Long story short: My academic mentor from my doctoral program has extended a request for me to author a chapter in a textbook. Does anyone have any experience with this?
I feel my writing skills are where they need to be for this type of work, but I'm just curious about tips, pitfalls, and how to position myself for further work of this type. Also, is this something one can make decent money doing?
Any/ all input is appreciated!
Jul 20, '16
It wasn't a textbook, but I once wrote a chapter for a nursing book. I got paid 0. I assume the editor of the book got a little money. All financial matters should be in your contract. Don't expect to make a significant amount unless you are the sole author or editor of a book that sells a ton of copies.
Adding it to your resume can be a good thing ... and depending on the topic, it might get you a speaking gig somewhere ... but don't expect a lot of direct benefit from this one chapter. However, I recommend doing it. The experience will probably be good for you and it will enhance your relationship with your mentor -- and that can be valuable in the long run and lead to other opportunities. For now, it might just be you doing work that she will get most of the credit (and money) for. But long term, the collaboration could be beneficial.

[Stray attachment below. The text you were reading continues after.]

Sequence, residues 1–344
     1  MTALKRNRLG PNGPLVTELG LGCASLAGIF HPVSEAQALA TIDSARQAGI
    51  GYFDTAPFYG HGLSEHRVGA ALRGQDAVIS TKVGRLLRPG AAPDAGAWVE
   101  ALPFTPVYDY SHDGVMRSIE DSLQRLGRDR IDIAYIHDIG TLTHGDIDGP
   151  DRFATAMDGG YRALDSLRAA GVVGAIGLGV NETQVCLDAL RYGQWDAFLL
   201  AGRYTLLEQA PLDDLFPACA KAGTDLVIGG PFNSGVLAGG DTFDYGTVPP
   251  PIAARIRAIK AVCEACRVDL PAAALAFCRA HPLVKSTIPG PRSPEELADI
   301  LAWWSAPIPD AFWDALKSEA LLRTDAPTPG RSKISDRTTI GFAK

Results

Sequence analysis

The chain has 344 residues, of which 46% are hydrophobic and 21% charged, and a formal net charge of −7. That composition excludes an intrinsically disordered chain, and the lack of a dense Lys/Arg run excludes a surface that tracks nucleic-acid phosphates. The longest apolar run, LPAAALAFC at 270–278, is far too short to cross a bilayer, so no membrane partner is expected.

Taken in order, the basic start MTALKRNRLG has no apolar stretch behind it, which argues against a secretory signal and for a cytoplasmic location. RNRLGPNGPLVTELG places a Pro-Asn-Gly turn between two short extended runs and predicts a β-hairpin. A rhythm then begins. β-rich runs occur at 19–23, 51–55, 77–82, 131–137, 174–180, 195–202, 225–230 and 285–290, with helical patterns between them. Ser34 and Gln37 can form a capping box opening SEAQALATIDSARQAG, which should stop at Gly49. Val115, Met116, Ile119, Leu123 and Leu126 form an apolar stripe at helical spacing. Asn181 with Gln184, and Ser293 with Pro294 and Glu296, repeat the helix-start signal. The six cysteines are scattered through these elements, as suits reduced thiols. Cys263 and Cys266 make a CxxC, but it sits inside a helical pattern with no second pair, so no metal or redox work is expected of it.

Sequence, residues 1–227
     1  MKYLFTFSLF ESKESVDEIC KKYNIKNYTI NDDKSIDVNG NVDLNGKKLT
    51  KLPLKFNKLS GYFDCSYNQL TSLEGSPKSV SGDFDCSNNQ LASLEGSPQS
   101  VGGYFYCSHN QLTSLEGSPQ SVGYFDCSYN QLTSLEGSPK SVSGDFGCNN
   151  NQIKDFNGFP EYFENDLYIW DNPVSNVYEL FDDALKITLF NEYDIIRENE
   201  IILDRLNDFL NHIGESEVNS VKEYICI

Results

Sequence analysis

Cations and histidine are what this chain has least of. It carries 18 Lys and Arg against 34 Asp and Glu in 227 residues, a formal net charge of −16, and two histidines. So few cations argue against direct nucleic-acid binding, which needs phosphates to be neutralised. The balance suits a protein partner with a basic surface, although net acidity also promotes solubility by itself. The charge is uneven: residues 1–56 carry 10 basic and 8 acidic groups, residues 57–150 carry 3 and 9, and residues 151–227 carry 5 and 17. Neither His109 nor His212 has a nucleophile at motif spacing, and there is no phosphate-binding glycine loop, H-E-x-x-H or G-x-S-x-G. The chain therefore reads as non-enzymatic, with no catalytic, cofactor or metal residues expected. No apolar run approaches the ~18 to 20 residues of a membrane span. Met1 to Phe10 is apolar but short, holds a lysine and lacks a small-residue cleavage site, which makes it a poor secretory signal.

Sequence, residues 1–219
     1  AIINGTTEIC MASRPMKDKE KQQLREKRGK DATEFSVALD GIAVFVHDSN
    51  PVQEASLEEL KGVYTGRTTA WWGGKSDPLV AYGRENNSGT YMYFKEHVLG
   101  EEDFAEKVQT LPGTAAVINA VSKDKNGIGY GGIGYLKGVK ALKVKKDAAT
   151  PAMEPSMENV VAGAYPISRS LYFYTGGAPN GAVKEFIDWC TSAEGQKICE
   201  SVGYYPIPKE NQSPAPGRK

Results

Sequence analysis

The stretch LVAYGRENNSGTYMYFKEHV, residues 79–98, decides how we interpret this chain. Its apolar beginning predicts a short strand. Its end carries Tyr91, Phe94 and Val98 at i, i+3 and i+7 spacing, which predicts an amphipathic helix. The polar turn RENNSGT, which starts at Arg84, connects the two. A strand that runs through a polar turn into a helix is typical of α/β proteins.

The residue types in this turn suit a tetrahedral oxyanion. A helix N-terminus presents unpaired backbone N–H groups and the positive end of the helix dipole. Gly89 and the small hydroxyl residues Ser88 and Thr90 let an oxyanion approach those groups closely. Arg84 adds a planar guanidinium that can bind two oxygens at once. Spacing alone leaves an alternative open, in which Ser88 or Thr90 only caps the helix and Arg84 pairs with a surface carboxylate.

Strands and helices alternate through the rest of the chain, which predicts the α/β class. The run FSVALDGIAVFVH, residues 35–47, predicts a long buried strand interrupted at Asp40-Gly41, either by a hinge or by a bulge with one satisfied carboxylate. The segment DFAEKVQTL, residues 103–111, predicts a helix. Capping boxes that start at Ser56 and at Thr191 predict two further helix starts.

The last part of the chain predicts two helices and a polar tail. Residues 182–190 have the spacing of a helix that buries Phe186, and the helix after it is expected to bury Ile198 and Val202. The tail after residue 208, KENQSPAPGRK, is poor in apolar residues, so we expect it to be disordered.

I wish my academic advisers and mentors had offered me similar opportunities to help me launch my post-PhD career. Those kinds of opportunities can open doors down the road.
Aug 6, '16
I agree with the above response. I was paid a couple hundred to write a chapter. I felt the work deserved more monetary compensation as it was a long tedious job. It was great to see my name in textbook and I learned a lot by writing it. The references were the most difficult. I would suggest doing it as it develops a working relationship, fits well on the resume and is impressive to the students we teach.